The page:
Now, to be clear, I’m the one who initiated the out-of-print status of Curse Bearer. The more I have looked at the state of my pursuit of writing, the clearer it has become that I have a bit of a reboot on my hands. Mostly due to my naiveté, I have gotten a stutter-start in this race, which leaves me with a story I want to see to its conclusion, but have no hope of seeing succeed though the traditional publishing model. Why can’t it?

Wrong publishing relationship—it’s not you, it’s me . . .
I won’t get into details here, but sometimes you and a publisher just turn out to be a bad fit. I’m an exacting pain, I can admit that. I’ve come to discover that I have too hard an entrepreneurial streak to comfortably leave some things in other hands.

Previously published, not-so-successful property
My understanding, from the publishing professionals I’ve bothered with this, pressing them for answers they kind of didn’t want to give (since who wants to be the bearer of bad news, after all?) is that in terms of traditional publication, The Risen Age Archive was “dead in the water” if I didn’t want to continue the relationship with Curse Bearer’s publisher. What acquisitions editor in his right mind would take on a Book Two of a series where Book One fizzled? If the series is going to gain any momentum, I need to start over, and it’s up to me.

Thankfully, the publishing climate is conducive to authors doing such things. Ten years ago? I would have had
Ironically, it may be doing so AGAIN this fall.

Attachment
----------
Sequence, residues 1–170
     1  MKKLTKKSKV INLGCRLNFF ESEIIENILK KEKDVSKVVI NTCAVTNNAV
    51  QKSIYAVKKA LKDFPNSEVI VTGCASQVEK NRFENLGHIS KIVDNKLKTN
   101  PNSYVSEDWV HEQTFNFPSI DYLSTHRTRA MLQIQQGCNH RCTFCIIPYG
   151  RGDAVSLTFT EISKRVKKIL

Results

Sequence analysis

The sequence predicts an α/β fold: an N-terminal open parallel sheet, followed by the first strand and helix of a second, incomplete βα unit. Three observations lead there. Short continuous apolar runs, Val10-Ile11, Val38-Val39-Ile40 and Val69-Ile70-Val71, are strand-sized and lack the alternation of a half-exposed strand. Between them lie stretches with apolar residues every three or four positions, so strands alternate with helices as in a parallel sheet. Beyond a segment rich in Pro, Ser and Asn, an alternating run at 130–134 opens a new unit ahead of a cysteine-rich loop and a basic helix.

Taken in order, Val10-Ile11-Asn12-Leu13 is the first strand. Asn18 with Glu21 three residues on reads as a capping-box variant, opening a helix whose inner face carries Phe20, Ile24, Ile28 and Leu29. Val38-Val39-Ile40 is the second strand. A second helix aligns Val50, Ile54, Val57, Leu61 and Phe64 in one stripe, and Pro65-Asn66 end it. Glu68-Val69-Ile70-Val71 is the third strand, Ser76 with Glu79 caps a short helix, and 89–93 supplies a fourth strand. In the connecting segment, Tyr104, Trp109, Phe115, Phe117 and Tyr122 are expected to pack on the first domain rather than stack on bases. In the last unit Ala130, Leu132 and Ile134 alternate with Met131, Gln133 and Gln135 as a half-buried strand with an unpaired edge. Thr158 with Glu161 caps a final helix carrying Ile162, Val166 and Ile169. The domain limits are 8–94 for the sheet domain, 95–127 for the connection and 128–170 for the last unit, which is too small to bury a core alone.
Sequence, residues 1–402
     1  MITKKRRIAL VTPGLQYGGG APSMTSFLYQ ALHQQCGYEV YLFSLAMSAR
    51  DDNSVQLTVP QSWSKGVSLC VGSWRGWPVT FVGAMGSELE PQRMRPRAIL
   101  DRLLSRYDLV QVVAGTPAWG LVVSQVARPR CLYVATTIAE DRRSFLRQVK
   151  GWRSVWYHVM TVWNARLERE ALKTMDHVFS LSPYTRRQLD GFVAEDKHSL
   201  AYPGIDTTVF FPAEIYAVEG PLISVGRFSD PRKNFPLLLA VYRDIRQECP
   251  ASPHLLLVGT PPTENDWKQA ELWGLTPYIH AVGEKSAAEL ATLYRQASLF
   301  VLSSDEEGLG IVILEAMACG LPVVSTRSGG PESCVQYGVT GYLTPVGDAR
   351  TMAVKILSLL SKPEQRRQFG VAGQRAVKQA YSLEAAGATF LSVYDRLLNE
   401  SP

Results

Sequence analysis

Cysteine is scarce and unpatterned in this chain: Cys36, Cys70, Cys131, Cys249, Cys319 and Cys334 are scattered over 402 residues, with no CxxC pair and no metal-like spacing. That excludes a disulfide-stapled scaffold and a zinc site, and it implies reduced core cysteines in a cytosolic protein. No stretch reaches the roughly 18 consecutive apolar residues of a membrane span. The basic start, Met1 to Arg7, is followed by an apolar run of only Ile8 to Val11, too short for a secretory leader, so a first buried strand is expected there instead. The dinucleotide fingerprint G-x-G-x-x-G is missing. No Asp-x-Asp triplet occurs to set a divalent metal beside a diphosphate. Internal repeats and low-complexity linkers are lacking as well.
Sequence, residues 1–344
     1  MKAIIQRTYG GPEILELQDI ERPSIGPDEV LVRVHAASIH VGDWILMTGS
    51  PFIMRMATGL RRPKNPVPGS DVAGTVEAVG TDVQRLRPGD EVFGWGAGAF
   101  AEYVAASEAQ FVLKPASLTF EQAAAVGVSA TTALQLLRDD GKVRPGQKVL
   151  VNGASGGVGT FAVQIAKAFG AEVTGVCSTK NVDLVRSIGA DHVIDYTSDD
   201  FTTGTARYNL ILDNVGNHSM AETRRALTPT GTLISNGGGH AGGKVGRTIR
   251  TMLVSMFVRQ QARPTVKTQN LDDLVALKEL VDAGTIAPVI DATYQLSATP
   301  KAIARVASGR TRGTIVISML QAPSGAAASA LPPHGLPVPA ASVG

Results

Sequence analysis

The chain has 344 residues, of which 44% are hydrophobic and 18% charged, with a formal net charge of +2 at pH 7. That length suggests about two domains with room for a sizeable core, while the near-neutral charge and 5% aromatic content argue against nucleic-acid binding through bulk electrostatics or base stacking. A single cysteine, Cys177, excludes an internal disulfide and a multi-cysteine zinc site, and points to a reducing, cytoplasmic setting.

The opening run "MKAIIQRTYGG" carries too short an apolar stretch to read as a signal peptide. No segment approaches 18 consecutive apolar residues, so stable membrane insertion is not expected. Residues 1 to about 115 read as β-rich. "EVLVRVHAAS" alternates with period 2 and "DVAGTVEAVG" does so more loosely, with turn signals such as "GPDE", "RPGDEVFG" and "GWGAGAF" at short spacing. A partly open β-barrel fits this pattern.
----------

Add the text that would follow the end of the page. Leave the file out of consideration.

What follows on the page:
Just not with a Kickstarter attached.
to call this series a “lesson learned” and move on. I consider this an opportunity to see if I can make something bigger of a series that virtually only my friends and family know about. I can correct issues I’m unhappy with in the first book. Edit the whole thing, if I think it will help. It all boils down to elbow grease, and I’m not afraid of that.

So what’s the plan now?
Well, that’s still formulating. I’ve been hard at work on the continuation of the next Risen Age book, which I’m hoping to get out to a handful of test readers in a couple weeks. It’s a big, fat book, pushing 150,000 words at present. Now, lots of people say, “That’s cool, epic story, epic page count.” Artistically, I agree.

However, the reality is, the Print on Demand model drives the price per copy really high when the page count grows, which makes it REALLY hard for an independent author to offer a competitive price on a paperback book. This means the possibility of two books to follow Curse Bearer is (back) on the table. No decision made—I know half the world will cry foul if I release one big book, the rest will frown if I release two. In the next couple weeks, I plan to look at a breaking point between the books and decide if it’s just too unfair to make readers wait a few months between the middle section of the story and the conclusion, and whether that pain is greater than the pinch of a $20 paperback.